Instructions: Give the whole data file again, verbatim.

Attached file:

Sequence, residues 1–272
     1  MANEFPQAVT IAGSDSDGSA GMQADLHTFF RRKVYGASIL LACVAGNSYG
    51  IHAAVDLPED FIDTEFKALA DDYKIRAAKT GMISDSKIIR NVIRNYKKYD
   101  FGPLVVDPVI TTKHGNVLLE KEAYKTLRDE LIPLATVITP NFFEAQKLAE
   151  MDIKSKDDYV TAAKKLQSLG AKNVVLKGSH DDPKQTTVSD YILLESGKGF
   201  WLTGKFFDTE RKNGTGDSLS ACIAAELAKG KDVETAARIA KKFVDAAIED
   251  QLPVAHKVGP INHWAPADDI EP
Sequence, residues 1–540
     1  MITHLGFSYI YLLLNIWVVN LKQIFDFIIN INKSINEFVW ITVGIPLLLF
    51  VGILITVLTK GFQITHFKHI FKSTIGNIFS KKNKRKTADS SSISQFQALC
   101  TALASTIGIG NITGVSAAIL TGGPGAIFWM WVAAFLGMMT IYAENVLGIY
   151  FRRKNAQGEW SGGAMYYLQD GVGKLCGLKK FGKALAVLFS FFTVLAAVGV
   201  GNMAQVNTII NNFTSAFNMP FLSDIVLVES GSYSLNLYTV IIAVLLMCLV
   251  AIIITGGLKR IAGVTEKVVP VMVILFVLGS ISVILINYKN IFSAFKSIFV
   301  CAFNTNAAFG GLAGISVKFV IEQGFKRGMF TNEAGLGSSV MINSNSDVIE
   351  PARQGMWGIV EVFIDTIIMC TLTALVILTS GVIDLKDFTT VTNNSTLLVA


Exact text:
Sequence, residues 1–272
     1  MANEFPQAVT IAGSDSDGSA GMQADLHTFF RRKVYGASIL LACVAGNSYG
    51  IHAAVDLPED FIDTEFKALA DDYKIRAAKT GMISDSKIIR NVIRNYKKYD
   101  FGPLVVDPVI TTKHGNVLLE KEAYKTLRDE LIPLATVITP NFFEAQKLAE
   151  MDIKSKDDYV TAAKKLQSLG AKNVVLKGSH DDPKQTTVSD YILLESGKGF
   201  WLTGKFFDTE RKNGTGDSLS ACIAAELAKG KDVETAARIA KKFVDAAIED
   251  QLPVAHKVGP INHWAPADDI EP
Sequence, residues 1–540
     1  MITHLGFSYI YLLLNIWVVN LKQIFDFIIN INKSINEFVW ITVGIPLLLF
    51  VGILITVLTK GFQITHFKHI FKSTIGNIFS KKNKRKTADS SSISQFQALC
   101  TALASTIGIG NITGVSAAIL TGGPGAIFWM WVAAFLGMMT IYAENVLGIY
   151  FRRKNAQGEW SGGAMYYLQD GVGKLCGLKK FGKALAVLFS FFTVLAAVGV
   201  GNMAQVNTII NNFTSAFNMP FLSDIVLVES GSYSLNLYTV IIAVLLMCLV
   251  AIIITGGLKR IAGVTEKVVP VMVILFVLGS ISVILINYKN IFSAFKSIFV
   301  CAFNTNAAFG GLAGISVKFV IEQGFKRGMF TNEAGLGSSV MINSNSDVIE
   351  PARQGMWGIV EVFIDTIIMC TLTALVILTS GVIDLKDFTT VTNNSTLLVA